While still in school, I remember becoming very anxious about my ability to find work upon graduation. I consulted with one of my teachers, who happened to be male. I was hoping he could advise me on where it would be best to apply and what potential employers were looking for in a “rookie” therapist. Keep in mind that this teacher had a successful private practice, had been a lead therapist/supervisor at a very popular gym/spa chain and super active member of various professional groups related to massage in addition to his position as a core member of the faculty. Despite all this experience, he told me that it had been very difficult for him to obtain clients. He had to work twice as hard as the female therapists to strum up business and eventually reach the level of success he had. His skills and expertise were not the deciding factor; it was his gender that put him at a disadvantage.

Think about the power differential. The client laying on the table is in the most vulnerable state. You are unclothed and in a submissive position. You trust that the therapist towering over you has the education and skills to address your needs properly and respectfully. You hope that they don’t judge you or your body in any way. You pray their touch is firm, focused and has a flow. You want them to put you at ease from the start, so that you can mentally check out and really enjoy the benefits of the work. Regardless of gender, a true professional will be able to provide all of the above to the client, but without a doubt women win out for their perceived nurturing nature, transcending the role of “mommy” on the massage table. A recent article in Psychology Today outlines the gender gap when it comes to caretakers. Society expects women to be the natural choice due to their biology, while men are hardwired to be natural “fixers” and protectors. You might think these qualities would bode well for the male therapist, but not when it comes to massage.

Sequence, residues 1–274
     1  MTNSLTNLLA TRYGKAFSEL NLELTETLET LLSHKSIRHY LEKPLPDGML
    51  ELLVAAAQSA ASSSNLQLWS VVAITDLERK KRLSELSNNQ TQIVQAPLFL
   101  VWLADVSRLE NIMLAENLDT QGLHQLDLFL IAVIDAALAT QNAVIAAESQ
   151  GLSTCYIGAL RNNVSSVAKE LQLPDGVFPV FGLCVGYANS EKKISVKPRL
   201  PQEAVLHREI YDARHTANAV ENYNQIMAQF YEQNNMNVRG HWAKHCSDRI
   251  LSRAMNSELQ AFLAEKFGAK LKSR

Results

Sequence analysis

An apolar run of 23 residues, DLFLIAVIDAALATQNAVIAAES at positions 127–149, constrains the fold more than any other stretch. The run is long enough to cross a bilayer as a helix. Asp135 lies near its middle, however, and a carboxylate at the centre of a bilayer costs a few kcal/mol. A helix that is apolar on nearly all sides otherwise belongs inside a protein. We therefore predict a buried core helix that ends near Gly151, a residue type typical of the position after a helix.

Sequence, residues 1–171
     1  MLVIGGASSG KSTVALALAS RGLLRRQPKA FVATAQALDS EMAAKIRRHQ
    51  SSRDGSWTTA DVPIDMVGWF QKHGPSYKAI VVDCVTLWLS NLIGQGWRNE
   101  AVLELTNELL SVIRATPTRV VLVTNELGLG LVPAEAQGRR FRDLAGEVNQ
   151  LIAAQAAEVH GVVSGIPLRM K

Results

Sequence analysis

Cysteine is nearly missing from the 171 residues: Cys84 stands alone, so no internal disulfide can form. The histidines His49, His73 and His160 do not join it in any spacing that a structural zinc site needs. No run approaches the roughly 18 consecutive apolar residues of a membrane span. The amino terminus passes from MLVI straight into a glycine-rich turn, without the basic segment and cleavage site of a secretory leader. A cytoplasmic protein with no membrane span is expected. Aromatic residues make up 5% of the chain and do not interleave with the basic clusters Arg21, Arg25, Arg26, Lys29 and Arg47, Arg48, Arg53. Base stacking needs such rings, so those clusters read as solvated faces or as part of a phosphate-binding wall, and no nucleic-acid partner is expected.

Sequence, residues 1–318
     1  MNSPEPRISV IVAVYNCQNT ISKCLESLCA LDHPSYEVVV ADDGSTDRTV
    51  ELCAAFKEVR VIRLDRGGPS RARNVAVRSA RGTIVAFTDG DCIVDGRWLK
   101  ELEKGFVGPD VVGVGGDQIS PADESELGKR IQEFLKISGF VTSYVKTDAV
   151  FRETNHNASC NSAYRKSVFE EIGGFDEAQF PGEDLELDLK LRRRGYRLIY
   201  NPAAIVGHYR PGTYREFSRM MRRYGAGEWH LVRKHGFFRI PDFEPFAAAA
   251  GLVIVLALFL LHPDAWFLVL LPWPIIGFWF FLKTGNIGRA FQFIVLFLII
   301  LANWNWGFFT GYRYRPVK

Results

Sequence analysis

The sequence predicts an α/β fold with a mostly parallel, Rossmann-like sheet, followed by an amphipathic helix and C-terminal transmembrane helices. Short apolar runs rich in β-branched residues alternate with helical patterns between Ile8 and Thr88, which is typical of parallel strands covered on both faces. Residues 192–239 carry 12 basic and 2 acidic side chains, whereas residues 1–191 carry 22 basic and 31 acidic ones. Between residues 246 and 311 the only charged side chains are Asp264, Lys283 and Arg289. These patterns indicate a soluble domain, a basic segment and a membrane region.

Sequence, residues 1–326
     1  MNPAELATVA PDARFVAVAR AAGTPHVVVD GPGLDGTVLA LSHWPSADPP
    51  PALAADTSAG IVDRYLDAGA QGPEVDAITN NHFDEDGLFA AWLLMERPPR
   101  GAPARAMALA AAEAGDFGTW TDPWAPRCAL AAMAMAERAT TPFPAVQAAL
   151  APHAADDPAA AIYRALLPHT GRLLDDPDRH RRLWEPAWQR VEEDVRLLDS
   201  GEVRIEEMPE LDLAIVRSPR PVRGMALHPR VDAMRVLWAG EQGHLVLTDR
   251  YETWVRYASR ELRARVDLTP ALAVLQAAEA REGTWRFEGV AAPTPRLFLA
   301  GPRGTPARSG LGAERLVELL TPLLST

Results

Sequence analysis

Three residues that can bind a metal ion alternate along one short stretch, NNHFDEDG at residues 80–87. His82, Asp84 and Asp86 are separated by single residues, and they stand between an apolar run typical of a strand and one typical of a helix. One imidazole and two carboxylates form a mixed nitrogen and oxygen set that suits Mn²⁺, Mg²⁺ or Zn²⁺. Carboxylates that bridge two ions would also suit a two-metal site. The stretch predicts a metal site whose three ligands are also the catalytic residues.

Minus the watch, this is a perfectly normal image of a male therapist working the lumbar region of the back of a male client.

Then there is the tricky area of sexuality. As long as there are “happy ending” jokes circulating and brothels posing as massage parlors, the massage profession will always have to prove its legitimacy. That said, heterosexual men, whether single or married, can feel extreme trepidation at booking with a male therapist because of what other people may assume about their sexuality. Also, since the parasympathetic nervous system is stimulated during massage, an erection could occur and the thoughts of this happening with a male therapist brings on much anxiety. On the other side of the coin, heterosexual women, whether single or married, can feel hesitant to book with a male because of the possibility of an attraction related to their touch or the judgment of their body in a sexual manner. I recall one of my clients telling me she didn’t care if she had shaved her legs or had cellulite dimpling on her thighs with me because “we have the same parts” but if she had gotten a male therapist she would have felt embarrassed. Throw into this mix the complicated and often skewed ways touch could be perceived after a trauma or abuse and again, the female therapist is the “safer” choice.

You may wonder then, how male therapists are ever able to get clients and be successful in this career. There are some stereotypes that work in their favor. With respect to strength, males are definitely viewed as the stronger sex and more capable of delivering deeper work. Even more so if the work is sports specific, as most massage therapists affiliated or employed by sports teams tend to be male. It took many years for Kelly Calabrese to push through these stereotypes and become the first female massage therapist employed by a Major League Baseball Team. All that aside, education and über professional conduct will prove to be the most powerful tools in bridging the gender gap. The more informed the client is about massage and its benefits, about the background of the therapist and their skills through testimonials and reviews, the more likely they will be able to make an informed decision when given the choice of male or female.